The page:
Leaders from the NFL, NBA, NHL and Major League Baseball players associations helped unveil a universal declaration of player rights that is designed to establish a new approach to governing sports and protecting athletes.
Among the 17 articles laid out in the declaration are rights to unionize and collectively bargain, express opinions freely and receive equal pay for equal work. The declaration was made Thursday by the World Players Association, which is affiliated with 100 organizations that represent 85,000 professional athletes.
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"It will change the content and the terms under which sport is regulated," said Brandon Schwab, the association's executive director. "And secondly it will change the culture of sport. Sport must now be run in partnership with the players and sport must act proactively to prevent and minimize and address any adverse human rights impacts."
Executive directors DeMaurice Smith of the NFL Players Association, Michele Roberts of the National Basketball Players Association, Don Fehr of the NHL Players' Association and Tony Clark of the Major League Baseball Players Association are part of the group of more than 100 unions that released the declaration.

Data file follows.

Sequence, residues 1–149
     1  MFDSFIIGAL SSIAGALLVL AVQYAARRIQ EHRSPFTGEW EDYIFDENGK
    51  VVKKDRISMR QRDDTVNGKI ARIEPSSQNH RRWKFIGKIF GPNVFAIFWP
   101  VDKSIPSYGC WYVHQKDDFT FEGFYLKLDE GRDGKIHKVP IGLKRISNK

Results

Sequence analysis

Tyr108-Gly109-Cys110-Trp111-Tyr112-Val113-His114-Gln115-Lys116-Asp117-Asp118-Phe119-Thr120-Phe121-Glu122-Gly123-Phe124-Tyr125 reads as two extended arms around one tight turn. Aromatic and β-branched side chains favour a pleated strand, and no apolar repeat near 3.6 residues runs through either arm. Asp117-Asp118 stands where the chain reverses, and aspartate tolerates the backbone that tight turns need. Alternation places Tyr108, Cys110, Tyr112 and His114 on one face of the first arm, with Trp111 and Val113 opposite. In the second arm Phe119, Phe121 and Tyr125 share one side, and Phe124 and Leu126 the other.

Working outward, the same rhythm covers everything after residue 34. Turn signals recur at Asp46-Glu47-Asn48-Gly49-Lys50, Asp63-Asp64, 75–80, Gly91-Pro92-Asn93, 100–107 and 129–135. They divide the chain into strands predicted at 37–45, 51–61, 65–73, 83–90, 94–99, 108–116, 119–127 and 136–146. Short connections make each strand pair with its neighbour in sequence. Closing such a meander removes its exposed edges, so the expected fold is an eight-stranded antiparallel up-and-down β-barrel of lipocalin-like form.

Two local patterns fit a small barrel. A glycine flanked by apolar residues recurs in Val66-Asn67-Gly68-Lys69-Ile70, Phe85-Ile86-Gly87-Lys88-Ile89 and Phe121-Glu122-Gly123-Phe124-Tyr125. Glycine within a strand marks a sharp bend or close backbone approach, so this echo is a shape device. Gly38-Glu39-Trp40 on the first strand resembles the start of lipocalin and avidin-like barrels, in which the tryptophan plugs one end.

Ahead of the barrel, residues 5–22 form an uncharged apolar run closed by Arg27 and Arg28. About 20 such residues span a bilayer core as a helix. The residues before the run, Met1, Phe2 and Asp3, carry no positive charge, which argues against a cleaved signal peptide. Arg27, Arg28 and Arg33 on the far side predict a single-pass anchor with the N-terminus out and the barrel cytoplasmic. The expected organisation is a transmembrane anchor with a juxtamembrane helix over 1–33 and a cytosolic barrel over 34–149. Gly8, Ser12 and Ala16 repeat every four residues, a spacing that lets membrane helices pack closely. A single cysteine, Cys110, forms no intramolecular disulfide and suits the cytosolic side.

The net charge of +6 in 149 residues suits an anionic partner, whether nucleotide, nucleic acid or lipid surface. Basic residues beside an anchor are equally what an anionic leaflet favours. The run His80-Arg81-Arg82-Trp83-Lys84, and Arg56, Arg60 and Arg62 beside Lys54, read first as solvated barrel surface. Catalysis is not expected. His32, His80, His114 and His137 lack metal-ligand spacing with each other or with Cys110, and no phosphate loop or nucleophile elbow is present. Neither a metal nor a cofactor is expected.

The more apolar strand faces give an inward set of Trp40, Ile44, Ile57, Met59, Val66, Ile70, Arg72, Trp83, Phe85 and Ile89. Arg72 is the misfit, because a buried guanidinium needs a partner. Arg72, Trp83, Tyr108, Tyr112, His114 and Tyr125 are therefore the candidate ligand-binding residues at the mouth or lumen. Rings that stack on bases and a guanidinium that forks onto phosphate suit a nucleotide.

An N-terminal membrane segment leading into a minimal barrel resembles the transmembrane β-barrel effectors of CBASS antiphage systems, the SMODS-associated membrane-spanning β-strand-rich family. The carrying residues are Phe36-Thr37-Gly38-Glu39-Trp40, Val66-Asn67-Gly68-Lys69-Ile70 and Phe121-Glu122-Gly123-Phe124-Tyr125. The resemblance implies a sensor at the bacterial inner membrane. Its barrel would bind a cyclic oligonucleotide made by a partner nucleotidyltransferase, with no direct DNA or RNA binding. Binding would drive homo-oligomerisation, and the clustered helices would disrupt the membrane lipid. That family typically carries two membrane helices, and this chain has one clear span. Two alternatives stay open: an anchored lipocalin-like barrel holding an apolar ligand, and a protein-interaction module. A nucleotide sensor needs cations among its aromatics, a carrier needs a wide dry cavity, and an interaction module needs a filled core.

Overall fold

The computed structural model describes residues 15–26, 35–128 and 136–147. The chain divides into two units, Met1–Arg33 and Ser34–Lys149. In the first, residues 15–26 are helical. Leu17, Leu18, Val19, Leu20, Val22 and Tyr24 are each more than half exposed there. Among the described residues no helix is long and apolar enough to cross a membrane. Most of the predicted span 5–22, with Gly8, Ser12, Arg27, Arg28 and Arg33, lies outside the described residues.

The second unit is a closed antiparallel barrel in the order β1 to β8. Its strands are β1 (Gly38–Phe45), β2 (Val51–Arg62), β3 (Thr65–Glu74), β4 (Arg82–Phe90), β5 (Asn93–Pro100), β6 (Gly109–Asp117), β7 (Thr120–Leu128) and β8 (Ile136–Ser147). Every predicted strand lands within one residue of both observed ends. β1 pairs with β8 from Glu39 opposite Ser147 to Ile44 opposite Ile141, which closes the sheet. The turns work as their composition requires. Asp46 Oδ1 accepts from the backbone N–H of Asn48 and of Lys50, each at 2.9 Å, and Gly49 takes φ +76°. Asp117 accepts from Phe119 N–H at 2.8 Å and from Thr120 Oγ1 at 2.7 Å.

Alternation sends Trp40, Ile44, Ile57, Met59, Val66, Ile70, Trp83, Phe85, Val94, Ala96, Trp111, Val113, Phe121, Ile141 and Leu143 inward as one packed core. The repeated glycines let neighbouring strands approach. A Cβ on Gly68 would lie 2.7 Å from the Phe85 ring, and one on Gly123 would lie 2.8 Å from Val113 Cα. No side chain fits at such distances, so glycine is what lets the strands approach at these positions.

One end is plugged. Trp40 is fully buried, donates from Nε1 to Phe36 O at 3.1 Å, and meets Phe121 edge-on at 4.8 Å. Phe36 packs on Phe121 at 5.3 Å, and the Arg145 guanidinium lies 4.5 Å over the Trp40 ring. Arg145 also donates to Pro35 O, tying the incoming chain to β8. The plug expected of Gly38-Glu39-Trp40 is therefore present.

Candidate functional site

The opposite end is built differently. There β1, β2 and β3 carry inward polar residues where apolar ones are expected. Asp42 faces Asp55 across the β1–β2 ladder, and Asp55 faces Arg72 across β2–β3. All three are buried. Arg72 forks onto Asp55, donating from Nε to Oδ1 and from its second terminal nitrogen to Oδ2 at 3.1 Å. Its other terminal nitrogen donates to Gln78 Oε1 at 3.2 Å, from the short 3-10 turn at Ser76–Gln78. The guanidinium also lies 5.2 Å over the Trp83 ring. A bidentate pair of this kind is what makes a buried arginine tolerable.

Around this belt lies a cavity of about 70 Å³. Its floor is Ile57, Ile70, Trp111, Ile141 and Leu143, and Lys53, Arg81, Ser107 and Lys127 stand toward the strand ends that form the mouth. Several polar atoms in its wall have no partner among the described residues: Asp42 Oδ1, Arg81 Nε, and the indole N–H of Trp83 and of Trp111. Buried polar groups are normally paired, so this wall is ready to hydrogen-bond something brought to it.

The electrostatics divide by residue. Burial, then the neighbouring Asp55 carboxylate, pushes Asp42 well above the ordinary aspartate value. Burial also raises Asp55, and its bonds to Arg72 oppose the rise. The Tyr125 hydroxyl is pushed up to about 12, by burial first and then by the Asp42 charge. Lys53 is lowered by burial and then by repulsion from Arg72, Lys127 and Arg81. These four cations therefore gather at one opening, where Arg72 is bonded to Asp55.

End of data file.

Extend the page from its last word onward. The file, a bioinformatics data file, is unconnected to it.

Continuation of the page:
"The importance of the declaration is actually philosophically bigger than just the issue of collective bargaining," Smith said as the NFLPA hosted the gathering of 40 union representatives. "It's reminding everyone that where we start in this process is the men and women who play sports did not choose to give up the basic human rights that we would want for every worker."
The launch of the universal declaration of player rights comes on the heels of Colin Kaepernick and other NFL players kneeling or sitting during the national anthem to protest racial inequality and police brutality. Roberts said she and members of the NBPA "full-throatedly support" the declaration that seeks to provide athletes worldwide with the type of constitutional protections that exist in the United States.
The World Players Association recently negotiated a binding human rights agreement with FIFA, and Schwab said it is in talks with the International Olympic Committee to amend hosting contracts to add human rights requirements.
Schwab said the declaration came about after surveys of thousands of players and in concert with human rights experts. Smith said a key piece is recognizing that human rights cannot be ignored because players put on uniforms.
"We demand a respect, a certain humanity that comes with who they are before they decided to do what they decided to do," Smith said.